A brand is an idea, an extension of a company’s ideals, that gets projected out into the market/world, tested for truth over time, and in positive cases, can serve as a sort of bank of good will or silent salesperson for the company. Cycling has many iconic brands. Schwinn, Campagnolo, and Raleigh spring to mind. But some brands are like zombies, stalking through market, eating the brains of consumers and producing nothing like the stuff they made their names on.
Even in the three examples I gave above you have three very different cases. Only Campagnolo is still run by a member of the family who founded it. The other two have swapped hands and/or gone out of business, only to be resurrected by parties interested in exploiting the brand equity built by someone else.
Brands, if they can, love to invoke the heritage of the products their reputation was built on.
I have to tell you that this sort of thing makes me really angry. I’m a bit of purist, if I’m honest, and I hate when people take credit for the hard work (and honesty) of other people. I understand that, in many cases, the original owners made some fatal error that forced them to sell. Few of the storylines are so neat and tidy that my judgments make much sense.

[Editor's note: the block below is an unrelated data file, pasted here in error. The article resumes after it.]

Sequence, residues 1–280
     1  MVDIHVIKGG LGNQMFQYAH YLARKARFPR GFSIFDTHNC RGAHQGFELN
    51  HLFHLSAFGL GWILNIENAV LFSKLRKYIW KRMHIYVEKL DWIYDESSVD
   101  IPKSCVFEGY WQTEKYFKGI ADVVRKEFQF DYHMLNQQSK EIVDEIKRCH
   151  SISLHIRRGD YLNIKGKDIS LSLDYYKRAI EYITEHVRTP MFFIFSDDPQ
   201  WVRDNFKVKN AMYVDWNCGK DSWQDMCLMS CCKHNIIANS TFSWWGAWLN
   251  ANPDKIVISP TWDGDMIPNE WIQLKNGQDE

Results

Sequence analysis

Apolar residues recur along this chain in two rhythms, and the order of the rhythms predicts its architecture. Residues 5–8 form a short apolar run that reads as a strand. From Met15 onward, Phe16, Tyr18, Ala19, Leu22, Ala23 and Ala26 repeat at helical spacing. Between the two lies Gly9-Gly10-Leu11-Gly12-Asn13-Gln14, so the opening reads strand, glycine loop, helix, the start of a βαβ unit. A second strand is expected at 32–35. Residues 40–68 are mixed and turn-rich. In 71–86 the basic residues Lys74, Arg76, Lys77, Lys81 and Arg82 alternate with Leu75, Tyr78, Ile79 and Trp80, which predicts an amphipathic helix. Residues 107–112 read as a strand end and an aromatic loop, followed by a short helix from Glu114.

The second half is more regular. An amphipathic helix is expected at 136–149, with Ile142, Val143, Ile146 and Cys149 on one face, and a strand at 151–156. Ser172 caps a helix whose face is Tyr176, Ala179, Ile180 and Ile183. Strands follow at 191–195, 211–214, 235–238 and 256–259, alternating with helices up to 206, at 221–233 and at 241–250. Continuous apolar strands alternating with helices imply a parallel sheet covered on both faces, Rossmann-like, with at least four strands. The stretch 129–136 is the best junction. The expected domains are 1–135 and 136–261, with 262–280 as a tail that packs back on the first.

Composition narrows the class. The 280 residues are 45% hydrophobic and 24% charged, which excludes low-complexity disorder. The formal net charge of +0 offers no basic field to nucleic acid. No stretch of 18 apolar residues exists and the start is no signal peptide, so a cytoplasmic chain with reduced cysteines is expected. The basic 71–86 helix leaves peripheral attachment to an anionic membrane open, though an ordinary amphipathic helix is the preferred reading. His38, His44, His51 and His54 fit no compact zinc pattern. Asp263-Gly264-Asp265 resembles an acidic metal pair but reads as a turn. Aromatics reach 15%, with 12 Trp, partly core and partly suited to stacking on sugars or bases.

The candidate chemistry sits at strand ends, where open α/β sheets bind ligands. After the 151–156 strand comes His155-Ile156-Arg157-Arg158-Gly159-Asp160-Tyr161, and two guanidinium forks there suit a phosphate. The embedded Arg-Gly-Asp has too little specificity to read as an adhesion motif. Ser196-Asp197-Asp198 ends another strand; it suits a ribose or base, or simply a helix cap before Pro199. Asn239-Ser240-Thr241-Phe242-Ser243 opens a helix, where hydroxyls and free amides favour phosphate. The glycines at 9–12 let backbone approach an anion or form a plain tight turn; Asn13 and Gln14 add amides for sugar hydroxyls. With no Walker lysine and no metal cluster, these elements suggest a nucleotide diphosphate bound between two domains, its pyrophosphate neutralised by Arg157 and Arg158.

Maybe it’s not purity I want (with all its false tests and dangerous tribalism), it’s romance. I want people with good ideas who work hard to prosper, the ones who back up their work honestly, who do the right things. But it’s not like that. All sorts of corners can be cut, especially when consumers are flooded with information and don’t have the time to dig deeper. The cost for passing someone else’s work off as your own is usually negligible.
I don’t mean to sound sanctimonious. It’s actually more like willful naivete.
I’m curious how you feel, though. This week’s TCIF asks, who are the iconic cycling brands you most respect and why? Do you care if an investor group swoops in and acquires a brand and then hires a crack team to cash in on the founder’s vision? I reckon that building the reputation that becomes a brand is one of the hardest things to do in business, but maybe I’m wrong. What do you think?